By Sonam Wangchuk, Monday, February 10, 2014

Sonam WangchukLeh: A nation may have various natural resources like forests, mines, oil, precious metals and so on. Such resources seem to make some nations lucky and rich compared to others. But even nations without such generosity of nature can attain heights of wealth and prosperity, and Japan is one example. Compared to India, Japan is a pauper in natural resources and yet its leaders decided to change that destiny by focusing on development of the only resource they had, i.e. themselves. It’s called human resource. Thanks to this, today Japan buys iron ore from the ‘lucky’ countries like India, and then with the magic touch of its skilled human resource it turns that kilogram of iron ore worth ten rupees into these famous watches that they sell back to India for tens of thousands of rupees. So,  much for being lucky with natural resources.

I will talk more about human and other resources of nations another time but here I just wanted to first stress the importance of human resource and then talk about a special kind of human resource which is often overlooked by most nations: the habits of its people. I have never heard this ‘resource’ mentioned as a human resource but I definitely consider it as one. Yes, the habits of the people of a nation can be a huge blessing or a big drain on the nation’s economy and ecology.
Here are some examples:
Getting up early
I have observed that young people in the west and nowadays even in India and Ladakh too, have a habit of going to bed very late and then getting up even later when they can. I think this is a very dangerous habit both personally and ecologically. I won’t go into the personal part, as opinions may vary, but I am sure you cannot overlook my environmental arguments. When we stay up late till, say 12:00 or 1:00 am, you must know that we are swimming against nature and use a lot of artificial lighting and heating etc. So many diesel generators, coal plants and nuclear reactors run full throttle just to keep that habit of ours going. Now suppose you changed that habit and started going to bed at 10:00pm and getting up at 6 with the natural light. You would be saving 3 hours of dangerous power plants belching fumes and gases, and instead you would be using a kind of solar lighting that happens every morning around six. That is why I say that the cheapest and the cleverest solar lighting system ever used is, getting up with the sunrise and going to bed not too long after sunset. With such habits you could not only save your energy bills, and save your country all the imported fuels, but even save the earth, because many nuclear powers plants and coal and diesel powered plants could actually be shut down if people like you and me change such habits.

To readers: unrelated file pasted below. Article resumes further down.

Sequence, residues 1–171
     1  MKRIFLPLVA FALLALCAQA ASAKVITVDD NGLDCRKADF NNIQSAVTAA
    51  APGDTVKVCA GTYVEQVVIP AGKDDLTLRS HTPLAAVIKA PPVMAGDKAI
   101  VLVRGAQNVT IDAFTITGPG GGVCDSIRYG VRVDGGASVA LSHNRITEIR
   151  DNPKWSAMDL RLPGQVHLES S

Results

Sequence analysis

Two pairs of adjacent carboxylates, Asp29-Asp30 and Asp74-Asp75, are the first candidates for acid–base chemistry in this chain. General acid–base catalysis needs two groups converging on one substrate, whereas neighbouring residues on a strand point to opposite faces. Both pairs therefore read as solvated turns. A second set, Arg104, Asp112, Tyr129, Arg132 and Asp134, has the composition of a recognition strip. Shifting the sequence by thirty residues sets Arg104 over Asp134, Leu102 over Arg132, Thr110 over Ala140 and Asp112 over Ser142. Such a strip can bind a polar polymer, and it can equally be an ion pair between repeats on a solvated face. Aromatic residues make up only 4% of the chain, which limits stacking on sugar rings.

Exercise and fitness
People in India and now in Ladakh also have a habit of eating a lot of sugar and fats and doing no physical work. Little do they know that these same ‘comforts’ cost them dearly in the latter half of their lives. There are many premature deaths due to inactive lifestyle (heart disease, strokes, diabetes and so on). Studies show that globally there are 5.3 million per year killed by these, compared to 5 million killed by cigarette smoking.